Monday, August 23, 2021

As the U.S. Leaves Afghanistan, China Enters; China Emerging as a Strategic Winner in U.S. Rout in Afghanistan

llustration by Linas Garsys / The Washington Times
As the U.S. leaves Afghanistan, China enters:
China is engaging with the Taliban and monitoring developments on the ground as the U.S. exits Afghanistan. It’s a situation America should be closely monitoring.
China‘s interests in Afghanistan are primarily security-related. The stabilization of Afghanistan, with which Beijing shares a short border in a susceptible area (Xinjiang province), is important for China. The security of its borders and this region are at stake. Beijing wants to prevent a surge of violent jihadism in Xinjiang, where Chinese authorities have detained between 1 and 3 million Muslims (Uyghurs, Kazakhs, …) for “re-education” in the largest mass incarceration of people on religious grounds since World War II.
The CCP must avoid threats from Islamic radicalism but also drug trafficking that may emanate from Afghanistan. Beijing also intends to protect its economic interests developed during the 2000s in Central Asia, which are added, under the presidency of Xi Jinping, those linked to the Belt and Road initiative (BRI). In the latter case, given developments in Afghanistan, Beijing particularly wants to preserve its heavy investments in the China-Pakistan Economic Corridor, which is supposed to be the flagship of its BRI initiative. It is already encountering numerous difficulties. --->READ MORE HERE
AP Photo
China emerging as a strategic winner in U.S. rout in Afghanistan:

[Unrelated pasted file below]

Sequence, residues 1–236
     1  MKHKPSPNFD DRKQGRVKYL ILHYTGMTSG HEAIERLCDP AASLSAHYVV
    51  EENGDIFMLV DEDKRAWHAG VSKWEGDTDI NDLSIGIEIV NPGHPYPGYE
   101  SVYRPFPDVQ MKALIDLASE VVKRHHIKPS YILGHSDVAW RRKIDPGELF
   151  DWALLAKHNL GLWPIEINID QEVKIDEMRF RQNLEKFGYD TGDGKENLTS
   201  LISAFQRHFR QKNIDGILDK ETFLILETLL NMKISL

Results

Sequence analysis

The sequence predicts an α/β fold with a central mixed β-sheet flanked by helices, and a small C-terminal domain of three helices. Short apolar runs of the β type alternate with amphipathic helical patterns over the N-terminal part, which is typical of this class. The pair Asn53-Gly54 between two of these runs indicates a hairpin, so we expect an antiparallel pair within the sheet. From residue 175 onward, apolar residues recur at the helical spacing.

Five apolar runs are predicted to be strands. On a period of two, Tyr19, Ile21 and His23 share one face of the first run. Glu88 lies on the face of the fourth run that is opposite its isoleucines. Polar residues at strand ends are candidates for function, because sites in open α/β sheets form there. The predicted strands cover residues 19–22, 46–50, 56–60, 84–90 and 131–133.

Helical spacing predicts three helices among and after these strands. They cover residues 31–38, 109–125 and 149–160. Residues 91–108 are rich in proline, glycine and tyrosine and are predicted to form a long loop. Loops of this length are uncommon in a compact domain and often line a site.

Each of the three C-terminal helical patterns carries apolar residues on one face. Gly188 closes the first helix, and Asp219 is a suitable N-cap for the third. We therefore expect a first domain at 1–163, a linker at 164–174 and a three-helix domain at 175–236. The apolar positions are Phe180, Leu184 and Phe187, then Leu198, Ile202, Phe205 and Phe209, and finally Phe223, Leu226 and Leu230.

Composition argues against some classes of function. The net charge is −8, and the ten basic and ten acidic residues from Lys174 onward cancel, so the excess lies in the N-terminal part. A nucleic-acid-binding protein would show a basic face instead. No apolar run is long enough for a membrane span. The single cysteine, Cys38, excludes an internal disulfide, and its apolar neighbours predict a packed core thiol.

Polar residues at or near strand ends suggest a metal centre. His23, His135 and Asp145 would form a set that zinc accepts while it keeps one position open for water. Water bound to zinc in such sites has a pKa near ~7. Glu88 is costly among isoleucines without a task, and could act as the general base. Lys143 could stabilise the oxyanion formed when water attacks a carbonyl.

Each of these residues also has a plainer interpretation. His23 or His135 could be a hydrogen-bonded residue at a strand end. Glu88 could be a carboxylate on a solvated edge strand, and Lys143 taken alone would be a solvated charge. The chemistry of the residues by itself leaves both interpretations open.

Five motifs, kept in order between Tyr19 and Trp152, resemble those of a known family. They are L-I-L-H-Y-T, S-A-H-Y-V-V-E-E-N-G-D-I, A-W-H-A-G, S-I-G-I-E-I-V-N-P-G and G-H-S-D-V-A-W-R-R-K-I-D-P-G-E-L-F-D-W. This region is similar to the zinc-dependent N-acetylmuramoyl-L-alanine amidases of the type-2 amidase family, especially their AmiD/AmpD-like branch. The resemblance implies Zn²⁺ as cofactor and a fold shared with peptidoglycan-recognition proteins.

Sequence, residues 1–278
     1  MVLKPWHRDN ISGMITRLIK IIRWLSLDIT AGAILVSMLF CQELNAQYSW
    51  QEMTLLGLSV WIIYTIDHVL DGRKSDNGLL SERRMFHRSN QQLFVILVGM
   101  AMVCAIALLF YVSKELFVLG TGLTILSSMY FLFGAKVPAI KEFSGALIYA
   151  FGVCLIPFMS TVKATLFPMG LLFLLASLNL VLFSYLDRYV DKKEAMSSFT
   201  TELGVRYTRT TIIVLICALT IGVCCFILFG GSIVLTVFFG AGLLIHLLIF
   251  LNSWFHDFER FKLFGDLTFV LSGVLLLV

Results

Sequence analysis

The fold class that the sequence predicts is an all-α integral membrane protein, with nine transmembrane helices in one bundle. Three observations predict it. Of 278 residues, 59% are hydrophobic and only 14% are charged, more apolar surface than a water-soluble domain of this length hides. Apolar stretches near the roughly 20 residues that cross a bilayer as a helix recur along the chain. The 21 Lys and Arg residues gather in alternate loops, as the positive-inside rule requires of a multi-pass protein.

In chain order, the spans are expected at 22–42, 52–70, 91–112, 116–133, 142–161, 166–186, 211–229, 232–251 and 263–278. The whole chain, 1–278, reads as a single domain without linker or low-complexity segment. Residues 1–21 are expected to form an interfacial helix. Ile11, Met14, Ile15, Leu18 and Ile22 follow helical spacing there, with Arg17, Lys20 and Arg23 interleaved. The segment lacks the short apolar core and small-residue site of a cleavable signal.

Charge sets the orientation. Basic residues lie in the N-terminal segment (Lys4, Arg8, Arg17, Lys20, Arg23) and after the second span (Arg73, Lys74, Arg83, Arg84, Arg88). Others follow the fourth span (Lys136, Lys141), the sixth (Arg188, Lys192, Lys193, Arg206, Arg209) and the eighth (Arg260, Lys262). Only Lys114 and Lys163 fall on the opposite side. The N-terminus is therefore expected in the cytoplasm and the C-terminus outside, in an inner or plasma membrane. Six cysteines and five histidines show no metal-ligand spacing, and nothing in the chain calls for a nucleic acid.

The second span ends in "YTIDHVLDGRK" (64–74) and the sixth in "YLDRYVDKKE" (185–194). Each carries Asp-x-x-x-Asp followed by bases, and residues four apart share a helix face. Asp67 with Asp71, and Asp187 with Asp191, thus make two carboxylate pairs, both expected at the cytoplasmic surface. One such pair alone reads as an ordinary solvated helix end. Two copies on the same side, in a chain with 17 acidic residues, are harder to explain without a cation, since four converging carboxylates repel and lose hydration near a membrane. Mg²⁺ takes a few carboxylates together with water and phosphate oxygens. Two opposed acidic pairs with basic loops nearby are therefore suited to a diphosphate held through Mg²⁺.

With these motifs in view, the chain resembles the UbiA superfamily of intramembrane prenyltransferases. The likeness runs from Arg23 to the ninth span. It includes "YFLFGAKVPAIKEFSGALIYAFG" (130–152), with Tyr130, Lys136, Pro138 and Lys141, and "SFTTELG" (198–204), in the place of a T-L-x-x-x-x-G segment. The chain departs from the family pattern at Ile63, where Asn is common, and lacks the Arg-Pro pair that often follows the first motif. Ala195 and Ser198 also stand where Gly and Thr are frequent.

China will gain strategically from the removal of troops from Afghanistan after the stunning collapse of the U.S.-backed government and military there, American analysts say.
But that success will be balanced against the ruling Communist Party‘s fear of contending with a radical Islamic state on its border in Central Asia and the potential flow of terrorists into China‘s Xinjiang province.
Militarily, the Taliban takeover of the Southwest Asian state means Beijing can celebrate the removal of U.S. troops and accompanying spy bases from its western border. Chinese Communist Party (CCP) leaders have long regarded the presence of American and NATO troops in Afghanistan as a major threat.
Afghanistan has a limited border with China through a strip of land known as the Wakhan Corridor linking the country to Xinjiang, where Uyghur Muslims face what the State Department calls genocide carried out under the guise of Chinese anti-terrorism policies.
With the withdrawal of American troops, however, Beijing faces the threat of a hostile, Taliban-led Islamic state on its border with Xinjiang and other western provinces. --->READ MORE HERE
Follow link below to a related story:

China eyes economic opportunity in Taliban-run Afghanistan

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